How do you learn? How do you teach?

Our podcasts come loaded with show notes, infographics, transcripts, and more, to help you utilize what works best. We love hearing from you and how you incorporate our resources into your lifelong learning and teaching.

Here are just a sample of what we’ve learned from you!

1. More meaningful bedside rounds

Last week, our team had 4 admissions in the morning with two related to alcohol withdrawal. We didn’t have much time for teaching so I emailed them the alcohol treatment podcast. The next day, we were able to gameplan the treatment options for the patient, go to the bedside with the intern leading brief counseling and providing a ‘menu of Rx options.’ The team got so much more out of that. The team and patient was thankful! More 5 pearls like this please! – Family Physician in Iowa

2. Role modeling clinical reasoning and critical thinking

I have noticed in myself a change after listening to Core IM Mind the Gap and Hoofbeats segments. I used to think the best teaching hospitalists were ones who could give a great chalk talk but now I believe it’s a real win when I can facilitate conversations among my team on their clinical reasoning and critical thinking. I feel much more confident in doing this  after the role modeling I get from listening to Mind the Gap and Hoofbeats. – Hospitalist in Georgia

3. Before or after seeing a patient with a particular pathology

These podcasts have been helpful in solidifying points. If I just saw a patient that I was concerned about for adrenal insufficiency, I will listen to the adrenal insufficiency podcast on my way home. But the best is when I can listen to a podcast in advance. For example, I knew about an overnight admission with “AMS 2/2 UTI” so I listened to that Mind the Gap episode on my way to work, used show notes also to find references and used it to teach rounds. It sticks much more when you can use it immediately to teach others. The podcasts setup with sections also help me focus my teaching. – Nurse Practitioner in Texas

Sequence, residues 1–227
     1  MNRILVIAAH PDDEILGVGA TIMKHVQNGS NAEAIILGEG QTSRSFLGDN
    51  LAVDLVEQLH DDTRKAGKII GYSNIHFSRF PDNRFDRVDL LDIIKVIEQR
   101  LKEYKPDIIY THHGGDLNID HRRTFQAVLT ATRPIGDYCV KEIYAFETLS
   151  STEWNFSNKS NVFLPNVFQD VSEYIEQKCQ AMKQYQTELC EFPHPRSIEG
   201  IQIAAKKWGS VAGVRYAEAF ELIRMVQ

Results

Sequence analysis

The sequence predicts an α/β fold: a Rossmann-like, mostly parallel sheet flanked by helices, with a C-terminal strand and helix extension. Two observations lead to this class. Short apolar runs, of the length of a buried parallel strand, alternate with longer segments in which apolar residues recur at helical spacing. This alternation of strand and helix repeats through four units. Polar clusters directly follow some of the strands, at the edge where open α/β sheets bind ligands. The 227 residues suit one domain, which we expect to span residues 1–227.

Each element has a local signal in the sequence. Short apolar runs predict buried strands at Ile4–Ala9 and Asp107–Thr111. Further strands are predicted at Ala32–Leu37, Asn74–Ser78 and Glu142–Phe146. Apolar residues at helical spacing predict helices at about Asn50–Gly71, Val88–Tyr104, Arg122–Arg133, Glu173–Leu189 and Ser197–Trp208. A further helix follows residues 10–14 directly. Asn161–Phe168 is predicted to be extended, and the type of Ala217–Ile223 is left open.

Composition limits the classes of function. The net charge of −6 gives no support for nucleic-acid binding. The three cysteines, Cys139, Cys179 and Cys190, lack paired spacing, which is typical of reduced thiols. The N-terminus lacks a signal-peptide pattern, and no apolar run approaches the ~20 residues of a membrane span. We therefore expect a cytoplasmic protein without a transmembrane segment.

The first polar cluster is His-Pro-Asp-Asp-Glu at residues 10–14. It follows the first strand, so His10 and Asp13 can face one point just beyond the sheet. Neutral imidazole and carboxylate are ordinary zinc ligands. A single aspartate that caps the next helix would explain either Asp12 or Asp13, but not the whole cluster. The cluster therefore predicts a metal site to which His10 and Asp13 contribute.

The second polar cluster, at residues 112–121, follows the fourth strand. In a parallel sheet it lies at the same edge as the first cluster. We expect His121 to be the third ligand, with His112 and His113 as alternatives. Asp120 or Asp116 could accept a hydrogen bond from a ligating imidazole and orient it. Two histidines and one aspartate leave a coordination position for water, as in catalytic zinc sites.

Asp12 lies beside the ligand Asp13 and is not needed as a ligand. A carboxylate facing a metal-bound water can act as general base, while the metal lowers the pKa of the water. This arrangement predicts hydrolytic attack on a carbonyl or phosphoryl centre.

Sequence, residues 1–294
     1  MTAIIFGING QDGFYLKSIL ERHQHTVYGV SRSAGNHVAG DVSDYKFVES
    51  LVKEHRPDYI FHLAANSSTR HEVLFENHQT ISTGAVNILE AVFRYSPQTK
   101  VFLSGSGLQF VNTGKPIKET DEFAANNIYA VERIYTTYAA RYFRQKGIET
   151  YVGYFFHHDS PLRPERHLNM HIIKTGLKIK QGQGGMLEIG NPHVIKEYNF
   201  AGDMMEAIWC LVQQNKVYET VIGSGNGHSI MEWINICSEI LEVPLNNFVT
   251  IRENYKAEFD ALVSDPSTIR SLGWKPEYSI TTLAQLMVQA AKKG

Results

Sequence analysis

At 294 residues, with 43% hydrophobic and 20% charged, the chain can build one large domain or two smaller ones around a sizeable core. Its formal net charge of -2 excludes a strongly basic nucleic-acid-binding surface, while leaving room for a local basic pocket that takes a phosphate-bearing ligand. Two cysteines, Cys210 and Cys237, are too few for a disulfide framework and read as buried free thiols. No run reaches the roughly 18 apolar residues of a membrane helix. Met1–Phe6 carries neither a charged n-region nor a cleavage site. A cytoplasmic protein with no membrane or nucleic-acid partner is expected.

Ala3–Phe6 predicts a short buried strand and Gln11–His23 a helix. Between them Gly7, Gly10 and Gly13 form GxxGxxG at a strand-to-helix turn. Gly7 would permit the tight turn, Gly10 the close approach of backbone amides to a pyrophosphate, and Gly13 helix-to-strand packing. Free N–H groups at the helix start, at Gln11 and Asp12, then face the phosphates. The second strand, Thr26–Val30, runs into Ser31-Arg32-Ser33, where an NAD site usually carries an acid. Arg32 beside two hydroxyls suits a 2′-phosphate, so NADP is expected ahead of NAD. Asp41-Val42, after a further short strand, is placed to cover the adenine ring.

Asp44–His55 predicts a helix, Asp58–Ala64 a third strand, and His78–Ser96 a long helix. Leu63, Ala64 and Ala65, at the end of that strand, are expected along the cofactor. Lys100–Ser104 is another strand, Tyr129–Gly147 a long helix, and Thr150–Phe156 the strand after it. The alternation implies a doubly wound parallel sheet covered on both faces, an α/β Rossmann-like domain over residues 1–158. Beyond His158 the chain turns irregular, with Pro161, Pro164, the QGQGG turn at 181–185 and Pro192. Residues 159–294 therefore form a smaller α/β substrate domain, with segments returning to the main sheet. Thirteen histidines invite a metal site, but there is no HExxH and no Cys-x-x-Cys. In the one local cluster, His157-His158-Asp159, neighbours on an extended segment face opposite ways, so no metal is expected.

4. Infographics on rounds or as references

After listening to a podcasts, the infographics (and show notes) are something I will refer back to. I will pull up the contrast-induced nephropathy (CIN) infographic when making decisions on risk of CIN for a patient. Or when I am screening for red flags signs for a headache, I literally see Mike Natter’s drawing and make sure I am not missing anything in my history. – PGY-2 in Canada

5. Flipped classrooms

I send out the latent TB podcast before giving a lecture on it and find learners telling me they get so much more of my talks because they were primed. It’s nice that afterwards, they don’t feel they have don’t have to refer to pulmonary as much for latent TB. Thank you for all your hard work on these podcasts!” – Pulmonologist in California

How do you incorporate podcasts into your lifelong learning? Tell us and inspire others!

Comment below or send us a picture and a blurb for the #HowDoYouPodcast series and we will highlight your story on our social media!

Tags: , , , ,